People For the American Way

Children Belong in Their Parents’ Arms, Not Locked in Cages

Children Belong in Their Parents’ Arms, Not Locked in Cages

I was just 17 years old when I left my sick mother alone in Syria and immigrated to the United States to finish my education. I had already lost my father to the sectarian civil war in Iraq in 2006, and was forced to seek refuge in Damascus before coming to the U.S. Today, my family is now scattered across four different countries.

It’s been ten years now since I left my family, but I still carry the trauma and impact of that separation with me. That is the price immigrants like me pay for seeking refuge in another country. But as painful as my experience was, I can’t begin to fathom what it feels like for immigrant children to be removed from their parents’ arms by force and put behind bars.

Last week, the world celebrated World Refugee Day, a time dedicated to raise awareness about the plight of refugees and immigrants around the world. Today, there are over 68 million individuals forcibly displaced from their homes around the world. Rather than promising to “give us your tired; your poor; your huddled masses yearning to breathe free,” the Trump administration is describing refugee immigrants as “infesting” our country, tearing apart families and locking children in metal cages.

With a growing number of photos and videos surfacing of traumatic family separations happening near border towns, it’s shocking to realize how much this resembles fiction like The Handmaid’s Tale that depicts dystopic authoritarian political regimes: a new government takes over, uses religion as a cover for their ultraconservative actions, and forcibly separates children from their mothers and fathers. The similarity between these dystopic depictions and the Trump administration’s actions against immigrant families and other communities of color is uncanny.  Whether through a Muslim ban or his attacks on DACA or a zero-tolerance policy, Trump’s reprehensible policies prove that this administration’s priority is not to “make America great again”—it’s to be as xenophobic, racist, and inhumane as possible.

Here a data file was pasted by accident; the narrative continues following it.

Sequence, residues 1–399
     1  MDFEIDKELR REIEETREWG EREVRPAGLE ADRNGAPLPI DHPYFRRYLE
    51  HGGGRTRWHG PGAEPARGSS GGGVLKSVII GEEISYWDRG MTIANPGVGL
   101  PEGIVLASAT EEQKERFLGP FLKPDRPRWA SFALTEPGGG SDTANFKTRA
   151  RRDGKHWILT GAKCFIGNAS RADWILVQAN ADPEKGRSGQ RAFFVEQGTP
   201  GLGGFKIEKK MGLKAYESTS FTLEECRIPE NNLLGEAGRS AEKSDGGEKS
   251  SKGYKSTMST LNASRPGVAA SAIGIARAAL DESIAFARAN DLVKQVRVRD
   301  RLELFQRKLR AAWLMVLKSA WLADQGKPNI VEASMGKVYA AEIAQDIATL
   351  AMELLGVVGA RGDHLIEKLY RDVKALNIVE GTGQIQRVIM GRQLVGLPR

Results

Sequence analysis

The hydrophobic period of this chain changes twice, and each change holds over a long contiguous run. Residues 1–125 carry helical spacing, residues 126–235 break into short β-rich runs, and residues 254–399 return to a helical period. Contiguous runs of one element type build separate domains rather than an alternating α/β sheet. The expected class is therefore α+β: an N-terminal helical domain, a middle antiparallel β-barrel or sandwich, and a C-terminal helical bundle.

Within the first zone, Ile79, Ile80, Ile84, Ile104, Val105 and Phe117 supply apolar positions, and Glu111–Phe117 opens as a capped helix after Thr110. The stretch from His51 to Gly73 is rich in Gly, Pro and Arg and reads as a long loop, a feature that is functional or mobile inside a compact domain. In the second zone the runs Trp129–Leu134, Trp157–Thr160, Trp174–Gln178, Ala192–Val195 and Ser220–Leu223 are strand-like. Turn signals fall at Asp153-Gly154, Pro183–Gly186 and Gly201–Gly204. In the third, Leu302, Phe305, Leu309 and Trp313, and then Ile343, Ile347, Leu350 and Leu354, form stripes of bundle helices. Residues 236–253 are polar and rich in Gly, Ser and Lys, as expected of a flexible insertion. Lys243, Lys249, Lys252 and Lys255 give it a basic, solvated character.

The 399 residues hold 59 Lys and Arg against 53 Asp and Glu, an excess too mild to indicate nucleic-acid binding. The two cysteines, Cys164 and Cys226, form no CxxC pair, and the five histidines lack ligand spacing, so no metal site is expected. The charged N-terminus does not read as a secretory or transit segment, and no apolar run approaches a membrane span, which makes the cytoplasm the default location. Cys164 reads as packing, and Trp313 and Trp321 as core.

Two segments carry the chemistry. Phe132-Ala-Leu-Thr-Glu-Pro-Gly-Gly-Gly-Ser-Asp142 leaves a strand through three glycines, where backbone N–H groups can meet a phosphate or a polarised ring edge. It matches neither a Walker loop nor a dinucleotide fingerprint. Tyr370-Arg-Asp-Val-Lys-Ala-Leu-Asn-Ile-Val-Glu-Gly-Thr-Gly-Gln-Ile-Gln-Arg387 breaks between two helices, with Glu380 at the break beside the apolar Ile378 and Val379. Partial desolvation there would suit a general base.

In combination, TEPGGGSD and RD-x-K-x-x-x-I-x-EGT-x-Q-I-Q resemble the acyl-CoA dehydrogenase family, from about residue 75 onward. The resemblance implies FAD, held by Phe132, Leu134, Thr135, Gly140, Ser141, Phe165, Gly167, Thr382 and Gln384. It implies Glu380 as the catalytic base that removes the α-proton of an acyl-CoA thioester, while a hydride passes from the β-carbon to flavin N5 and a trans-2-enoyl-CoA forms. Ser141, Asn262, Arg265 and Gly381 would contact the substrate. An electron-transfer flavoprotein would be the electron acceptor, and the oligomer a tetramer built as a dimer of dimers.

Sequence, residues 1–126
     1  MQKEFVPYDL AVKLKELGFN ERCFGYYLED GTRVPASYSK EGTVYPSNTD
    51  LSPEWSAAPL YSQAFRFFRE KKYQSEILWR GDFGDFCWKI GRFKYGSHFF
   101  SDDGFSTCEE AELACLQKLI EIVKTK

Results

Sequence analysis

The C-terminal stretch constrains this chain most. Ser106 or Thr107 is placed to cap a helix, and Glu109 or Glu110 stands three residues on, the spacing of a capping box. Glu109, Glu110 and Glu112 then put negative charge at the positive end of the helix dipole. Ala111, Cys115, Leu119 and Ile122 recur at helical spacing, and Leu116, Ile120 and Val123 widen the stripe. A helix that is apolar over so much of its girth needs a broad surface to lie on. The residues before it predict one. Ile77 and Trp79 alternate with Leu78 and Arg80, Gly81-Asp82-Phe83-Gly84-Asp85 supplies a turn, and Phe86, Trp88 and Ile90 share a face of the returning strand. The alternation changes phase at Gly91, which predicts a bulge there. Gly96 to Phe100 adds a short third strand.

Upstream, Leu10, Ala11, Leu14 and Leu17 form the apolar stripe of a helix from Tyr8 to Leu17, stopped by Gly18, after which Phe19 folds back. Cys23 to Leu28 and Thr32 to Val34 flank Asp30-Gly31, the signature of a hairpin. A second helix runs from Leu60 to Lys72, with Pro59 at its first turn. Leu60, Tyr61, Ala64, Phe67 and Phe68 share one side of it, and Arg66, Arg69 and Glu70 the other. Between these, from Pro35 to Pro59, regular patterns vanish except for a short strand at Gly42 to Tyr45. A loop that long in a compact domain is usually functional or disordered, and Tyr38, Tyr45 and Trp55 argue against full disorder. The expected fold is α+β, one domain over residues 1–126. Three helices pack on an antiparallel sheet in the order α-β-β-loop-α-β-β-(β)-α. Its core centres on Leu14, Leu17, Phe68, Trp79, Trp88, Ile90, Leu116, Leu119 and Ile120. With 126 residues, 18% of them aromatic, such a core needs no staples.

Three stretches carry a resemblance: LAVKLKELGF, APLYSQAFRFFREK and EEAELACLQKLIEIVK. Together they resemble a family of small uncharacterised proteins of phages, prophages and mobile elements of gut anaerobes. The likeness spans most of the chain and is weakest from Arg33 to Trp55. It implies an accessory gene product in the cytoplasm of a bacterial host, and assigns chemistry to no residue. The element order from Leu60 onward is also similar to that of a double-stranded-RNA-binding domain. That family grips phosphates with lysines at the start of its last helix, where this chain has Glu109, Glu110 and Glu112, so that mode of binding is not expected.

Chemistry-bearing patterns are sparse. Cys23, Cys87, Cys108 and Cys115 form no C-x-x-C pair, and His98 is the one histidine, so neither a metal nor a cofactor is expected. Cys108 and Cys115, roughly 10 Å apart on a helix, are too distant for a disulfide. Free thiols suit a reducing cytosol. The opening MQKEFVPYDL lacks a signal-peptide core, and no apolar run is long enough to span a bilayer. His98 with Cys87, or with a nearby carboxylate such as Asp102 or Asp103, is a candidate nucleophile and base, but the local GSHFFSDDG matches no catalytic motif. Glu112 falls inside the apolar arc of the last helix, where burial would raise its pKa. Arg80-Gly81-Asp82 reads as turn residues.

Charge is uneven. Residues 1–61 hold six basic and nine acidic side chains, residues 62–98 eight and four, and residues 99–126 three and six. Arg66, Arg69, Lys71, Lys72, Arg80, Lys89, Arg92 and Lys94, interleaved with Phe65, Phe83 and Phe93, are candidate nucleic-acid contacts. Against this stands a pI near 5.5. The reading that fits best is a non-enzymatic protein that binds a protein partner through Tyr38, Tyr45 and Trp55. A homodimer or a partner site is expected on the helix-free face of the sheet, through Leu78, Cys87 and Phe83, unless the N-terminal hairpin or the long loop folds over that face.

Trump signed an executive order to stop the separation of immigrant families last week, but the excruciating pain and damage he has inflicted upon them is done. His so-called revised policy continues to imprison and dehumanize immigrant families, and just days ago, he claimed that immigrants crossing our borders should not receive due process rights. In short, his actions perpetuate anti-immigrant bigotry and actively work to further demonize immigrants in our nation.

Immigrants are human beings, not aliens.

It’s painfully clear that the Trump administration isn’t simply unaware of what immigrants have to go through to get here—they don’t care. Earlier this month, Attorney General Jeff Sessions went even further to limit asylum relief for victims of sexual or domestic abuse, but it’s violence of this exact nature that immigrants are attempting to escape.

As a child, I looked up to America’s immigration policies and dreamed about building a new life in this country because of what it stood for: freedom, opportunity and the pursuit of happiness.  The American Dream historically has inspired immigrants to hope for a new life with humanitarian protection that allows them to build their families and contribute to a new society.

But that dream is at stake for thousands of people whose lives are endangered—and we must protect it.

That begins with Republican lawmakers coming together to stand up against these un-American immigration policies. They cannot preach family values and not take legislative action to end the Trump administration’s efforts to deprive families of the safety we promise. Every lawmaker swore an oath to protect the Constitution of the United States and its values.

Trump’s attacks on immigrants undermine those values, and they must be defended at any cost.

Keep families together. Children belong in their parents’ arms, not in detention centers.  


asylum, family separation, Immigrant Rights, refugees